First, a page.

Israel criticizes hardliner’s victory in Iranian presidential vote

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Ebrahim Raisi, a candidate in Iran's presidential elections waves to the media after casting his vote at a polling station in Tehran, Iran, June 18, 2021 (AP Photo/Ebrahim Noroozi)
Ebrahim Raisi, a candidate in Iran's presidential elections waves to the media after casting his vote at a polling station in Tehran, Iran Friday, June 18, 2021. Iran began voting Friday in a presidential election tipped in the favor of a hard-line protege of Supreme Leader Ayatollah Ali Khamenei, fueling public apathy and sparking calls for a boycott in the Islamic Republic. (AP Photo/Ebrahim Noroozi)

Israel’s foreign minister criticized Iran’s election of hardline judiciary chief Ebrahim Raisi as the country’s next president on Sunday.

“The new president of Iran is a radical who is responsible for the deaths of thousands of Iranians,” Israeli Foreign Minister Yair Lapid tweeted, adding that Raisi was known as the “butcher of Tehran.”

“His election should awaken a new determination to immediately halt Iran’s nuclear programme” and put an end to Tehran’s destructive regional aspirations, he said.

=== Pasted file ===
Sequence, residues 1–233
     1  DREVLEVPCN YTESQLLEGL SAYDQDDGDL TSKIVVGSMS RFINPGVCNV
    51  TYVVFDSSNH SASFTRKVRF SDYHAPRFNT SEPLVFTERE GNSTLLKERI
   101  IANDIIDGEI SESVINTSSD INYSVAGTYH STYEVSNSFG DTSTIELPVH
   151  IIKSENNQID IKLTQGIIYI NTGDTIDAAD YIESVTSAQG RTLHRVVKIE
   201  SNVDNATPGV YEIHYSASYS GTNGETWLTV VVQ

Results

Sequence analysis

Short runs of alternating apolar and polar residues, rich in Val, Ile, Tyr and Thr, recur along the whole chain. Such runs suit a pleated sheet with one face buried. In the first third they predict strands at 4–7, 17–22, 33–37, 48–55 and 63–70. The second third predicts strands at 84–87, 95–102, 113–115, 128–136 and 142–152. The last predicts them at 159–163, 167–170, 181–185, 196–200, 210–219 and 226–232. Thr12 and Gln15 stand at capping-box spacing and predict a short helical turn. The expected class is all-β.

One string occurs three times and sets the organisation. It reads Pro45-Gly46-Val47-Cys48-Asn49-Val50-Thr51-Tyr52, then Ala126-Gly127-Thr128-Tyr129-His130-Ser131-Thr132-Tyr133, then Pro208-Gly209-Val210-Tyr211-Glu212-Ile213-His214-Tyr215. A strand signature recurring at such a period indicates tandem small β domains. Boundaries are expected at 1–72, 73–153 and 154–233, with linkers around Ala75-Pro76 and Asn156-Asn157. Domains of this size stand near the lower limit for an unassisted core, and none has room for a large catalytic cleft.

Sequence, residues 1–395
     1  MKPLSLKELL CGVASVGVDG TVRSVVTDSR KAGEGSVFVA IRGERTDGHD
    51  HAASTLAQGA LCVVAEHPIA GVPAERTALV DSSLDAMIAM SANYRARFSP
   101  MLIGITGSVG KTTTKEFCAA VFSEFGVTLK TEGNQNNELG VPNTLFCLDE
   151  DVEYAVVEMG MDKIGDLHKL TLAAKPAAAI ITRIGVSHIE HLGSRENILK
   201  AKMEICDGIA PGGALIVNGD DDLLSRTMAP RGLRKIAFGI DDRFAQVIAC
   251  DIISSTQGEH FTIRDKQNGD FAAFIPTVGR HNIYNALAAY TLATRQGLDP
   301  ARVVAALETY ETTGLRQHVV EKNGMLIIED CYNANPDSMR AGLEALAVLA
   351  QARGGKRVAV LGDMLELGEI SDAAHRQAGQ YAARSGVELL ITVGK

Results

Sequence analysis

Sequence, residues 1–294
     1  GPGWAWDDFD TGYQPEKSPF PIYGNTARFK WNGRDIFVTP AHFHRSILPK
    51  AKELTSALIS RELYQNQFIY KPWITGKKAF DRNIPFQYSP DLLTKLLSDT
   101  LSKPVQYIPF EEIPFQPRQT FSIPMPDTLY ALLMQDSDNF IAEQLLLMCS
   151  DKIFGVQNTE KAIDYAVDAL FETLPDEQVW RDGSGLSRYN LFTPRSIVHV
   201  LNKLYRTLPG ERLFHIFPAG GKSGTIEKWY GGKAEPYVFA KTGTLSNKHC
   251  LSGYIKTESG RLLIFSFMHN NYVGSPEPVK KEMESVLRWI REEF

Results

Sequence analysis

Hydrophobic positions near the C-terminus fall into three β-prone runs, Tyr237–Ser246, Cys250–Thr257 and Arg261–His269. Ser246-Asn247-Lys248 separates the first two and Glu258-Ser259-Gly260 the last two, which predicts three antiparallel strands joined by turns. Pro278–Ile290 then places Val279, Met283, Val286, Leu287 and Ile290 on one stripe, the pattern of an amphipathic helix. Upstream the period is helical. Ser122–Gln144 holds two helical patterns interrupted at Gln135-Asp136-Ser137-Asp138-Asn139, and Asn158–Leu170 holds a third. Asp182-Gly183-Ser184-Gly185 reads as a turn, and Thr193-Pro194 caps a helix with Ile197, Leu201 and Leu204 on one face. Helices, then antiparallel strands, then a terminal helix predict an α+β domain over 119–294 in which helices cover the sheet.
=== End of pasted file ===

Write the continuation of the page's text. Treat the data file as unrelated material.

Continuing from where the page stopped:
Raisi, a 60-year-old arch-conservative cleric who is close to Supreme Leader Ayatollah Ali Khamenei and is accused by the United States and the European Union of rights abuses, is set to succeed moderate President Hassan Rowhani.

Raisi would mark a significant change in direction for the government in Iran after eight years under Rowhani, who was barred from running again due to term limits after two stints in office.

Raisi received more than 60 per cent of the vote, according to the Interior Ministry, after Friday’s election.

It was the lowest voter turnout ever and more than 20 percentage points lower than the turnout recorded at the elections four years ago.

Observers say the low turnout can be seen as a boycott and a warning from voters that they are unhappy with the country’s political direction.

A spokesman for Israel’s Foreign Ministry said Raisi’s election had been forced on the public and that the incoming leader was Iran’s most extremist president so far.

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